Presented by South Carolina Department of Education.
October 4, 1862
The New South newspaper in Beaufort reports about plans to develop a “Negro village” that will provide African Americans “more comfort and freedom of improvement” on Hilton Head Island. The village would soon be known as Mitchelville.
October 16, 1868
Benjamin F. Randolph, state senator and chairman of the state Republican party, was assassinated as he campaigned at Hodges Depot in Abbeville, S.C.
October 17, 1871
President Ulysses Grant suspended the writ of habeas corpus and declared martial law in nine S.C. counties affected by white Ku Klux Klan attacks and violence.
October 16, 1872
During an election for state officers, the following African Americans were elected: Richard Gleaves, Lieutenant Governor; Henry E. Hayne, Secretary of State; and Francis Cardoza, State Treasurer.
October 7, 1873
Henry E. Hayne, the black Republican Secretary of State of S.C., registered as a student in the University of South Carolina’s Medical School, becoming the first known African American student in the university’s history. His enrolled led to the departure of white students and professors.
October 11, 1891
Friendship Institute, a private school in Rock Hill held its first classes. Later, named Friendship Junior College, the school trained generations of ministers, educators, and other professionals from around the state until it closed in 1981.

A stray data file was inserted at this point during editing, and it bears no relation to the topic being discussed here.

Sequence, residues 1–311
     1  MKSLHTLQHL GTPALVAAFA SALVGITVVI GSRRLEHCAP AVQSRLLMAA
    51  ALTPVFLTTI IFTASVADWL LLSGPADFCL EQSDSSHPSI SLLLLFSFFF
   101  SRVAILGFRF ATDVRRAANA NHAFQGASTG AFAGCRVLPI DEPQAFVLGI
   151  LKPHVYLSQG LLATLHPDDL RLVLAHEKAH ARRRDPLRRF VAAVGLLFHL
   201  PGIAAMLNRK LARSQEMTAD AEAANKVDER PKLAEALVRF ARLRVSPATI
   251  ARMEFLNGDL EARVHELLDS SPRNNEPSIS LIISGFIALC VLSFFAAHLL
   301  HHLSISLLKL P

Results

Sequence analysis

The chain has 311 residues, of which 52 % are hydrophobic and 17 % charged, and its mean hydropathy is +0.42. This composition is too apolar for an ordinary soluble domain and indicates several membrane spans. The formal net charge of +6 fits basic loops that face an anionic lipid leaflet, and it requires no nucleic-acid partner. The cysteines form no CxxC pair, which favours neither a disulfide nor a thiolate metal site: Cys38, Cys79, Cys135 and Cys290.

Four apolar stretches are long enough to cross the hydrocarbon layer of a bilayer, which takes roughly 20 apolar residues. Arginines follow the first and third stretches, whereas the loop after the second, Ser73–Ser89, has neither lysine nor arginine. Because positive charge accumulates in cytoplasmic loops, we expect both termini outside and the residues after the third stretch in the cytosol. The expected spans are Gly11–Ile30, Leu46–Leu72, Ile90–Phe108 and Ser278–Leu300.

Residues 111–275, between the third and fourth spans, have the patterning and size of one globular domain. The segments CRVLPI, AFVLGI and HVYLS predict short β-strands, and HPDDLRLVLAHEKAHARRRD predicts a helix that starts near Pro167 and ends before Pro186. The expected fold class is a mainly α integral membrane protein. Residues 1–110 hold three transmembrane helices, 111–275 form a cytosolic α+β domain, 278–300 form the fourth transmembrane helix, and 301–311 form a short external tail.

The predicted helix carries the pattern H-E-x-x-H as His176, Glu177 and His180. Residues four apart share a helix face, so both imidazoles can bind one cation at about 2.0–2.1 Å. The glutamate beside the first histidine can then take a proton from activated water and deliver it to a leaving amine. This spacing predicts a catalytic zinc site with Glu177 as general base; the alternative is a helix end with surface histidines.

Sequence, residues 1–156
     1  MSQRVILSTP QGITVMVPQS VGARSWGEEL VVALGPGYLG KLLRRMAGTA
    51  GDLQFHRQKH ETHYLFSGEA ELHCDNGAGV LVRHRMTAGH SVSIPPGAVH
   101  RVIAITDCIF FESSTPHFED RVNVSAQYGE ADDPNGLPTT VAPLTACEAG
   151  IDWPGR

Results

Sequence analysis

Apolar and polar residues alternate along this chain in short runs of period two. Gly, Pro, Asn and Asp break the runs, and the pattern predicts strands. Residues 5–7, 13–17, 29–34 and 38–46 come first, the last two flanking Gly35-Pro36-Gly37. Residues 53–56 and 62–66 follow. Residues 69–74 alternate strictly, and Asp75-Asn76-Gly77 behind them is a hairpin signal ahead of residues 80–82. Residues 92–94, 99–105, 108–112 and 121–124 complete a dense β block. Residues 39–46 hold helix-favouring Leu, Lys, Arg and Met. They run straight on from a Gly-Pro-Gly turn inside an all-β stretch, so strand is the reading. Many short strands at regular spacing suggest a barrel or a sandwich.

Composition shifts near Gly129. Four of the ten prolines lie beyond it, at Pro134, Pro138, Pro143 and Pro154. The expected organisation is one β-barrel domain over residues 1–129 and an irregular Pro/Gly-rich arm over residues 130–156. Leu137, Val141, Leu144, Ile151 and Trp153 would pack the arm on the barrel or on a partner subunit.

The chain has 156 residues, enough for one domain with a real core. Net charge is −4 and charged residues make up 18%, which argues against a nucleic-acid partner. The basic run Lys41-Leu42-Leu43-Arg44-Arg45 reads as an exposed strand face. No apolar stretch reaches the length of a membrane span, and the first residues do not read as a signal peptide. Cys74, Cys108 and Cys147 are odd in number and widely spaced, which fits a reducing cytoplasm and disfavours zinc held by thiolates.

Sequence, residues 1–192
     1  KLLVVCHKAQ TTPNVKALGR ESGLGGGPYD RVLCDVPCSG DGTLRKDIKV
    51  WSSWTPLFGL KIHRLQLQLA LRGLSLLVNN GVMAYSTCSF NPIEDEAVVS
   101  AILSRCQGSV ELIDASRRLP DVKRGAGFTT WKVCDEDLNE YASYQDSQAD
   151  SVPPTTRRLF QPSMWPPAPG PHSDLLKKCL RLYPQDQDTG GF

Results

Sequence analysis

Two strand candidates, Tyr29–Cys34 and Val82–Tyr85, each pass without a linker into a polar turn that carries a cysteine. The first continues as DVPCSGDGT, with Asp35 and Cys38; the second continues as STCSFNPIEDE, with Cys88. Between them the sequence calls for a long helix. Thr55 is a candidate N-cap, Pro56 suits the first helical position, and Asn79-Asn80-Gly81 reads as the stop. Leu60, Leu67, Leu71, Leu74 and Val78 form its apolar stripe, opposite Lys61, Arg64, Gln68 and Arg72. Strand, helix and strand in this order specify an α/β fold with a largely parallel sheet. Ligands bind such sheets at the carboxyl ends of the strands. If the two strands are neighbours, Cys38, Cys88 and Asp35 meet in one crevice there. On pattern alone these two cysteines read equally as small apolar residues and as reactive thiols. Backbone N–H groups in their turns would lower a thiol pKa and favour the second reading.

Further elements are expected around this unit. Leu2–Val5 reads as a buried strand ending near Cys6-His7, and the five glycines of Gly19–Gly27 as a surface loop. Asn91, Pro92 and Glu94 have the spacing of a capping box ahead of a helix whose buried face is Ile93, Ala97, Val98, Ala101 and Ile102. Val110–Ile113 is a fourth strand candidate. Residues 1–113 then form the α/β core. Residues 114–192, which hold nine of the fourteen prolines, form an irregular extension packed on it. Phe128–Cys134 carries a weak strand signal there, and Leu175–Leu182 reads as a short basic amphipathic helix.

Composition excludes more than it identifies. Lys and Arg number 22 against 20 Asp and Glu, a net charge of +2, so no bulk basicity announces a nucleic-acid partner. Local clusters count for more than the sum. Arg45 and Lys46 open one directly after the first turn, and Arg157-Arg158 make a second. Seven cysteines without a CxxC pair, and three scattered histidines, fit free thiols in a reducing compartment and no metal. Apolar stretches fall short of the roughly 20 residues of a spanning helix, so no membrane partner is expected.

October 21, 1917
John Birks “Dizzy” Gillespie, jazz trumpeter and Bebop musician, was born in Cheraw, S.C.
October 8, 1941
Civil rights leader and two-time presidential candidate Jesse Jackson was born in Greenville, S.C.
October 22, 1945
Unionized workers from the Charleston American Tobacco Company Cigar Factor, comprised largely of African American women and men, launched a five-month strike demanding better wages and working conditions. One of their protest songs, “We Will Overcome” was later revised into the civil rights anthem “We Shall Overcome.”
October 18, 1946
The Southern Negro Youth Congress held a series of civil rights sessions in Columbia, attracting students from across the nation and other countries. Speakers included Dr. W.E.B. Du Bois, singer Paul Robeson, and Columbia organizers, Modjeska Monteith Simkins, John H. McCray, and Dr. Annie Belle Weston.
October 15, 1960
Students from Allen University & Benedict College formed the Student Conference for Human Rights in order to aid cross campus & city-wide organizing.
October 14, 1964
When Reverend Dr. Martin Luther King Jr. was awarded the Nobel Peace Prize in Oslo, Norway, he was joined by a number of close associates, including Charleston educator Septima P. Clark, who directed citizenship training programs for King’s Southern Christian Leadership Conference.
October 15, 1967
Winnsboro native Sergeant 1st Class Webster Anderson of the 101st Airborne Division was severely injured while successfully defending his artillery position from sustained enemy attack. He was awarded the Congressional Medal of Honor.
October 25, 1983
Rev. I. DeQuincey Newman, a native of Darlington County, was elected as a S.C. State Senator from Richland County, becoming the first African American to serve since 1888.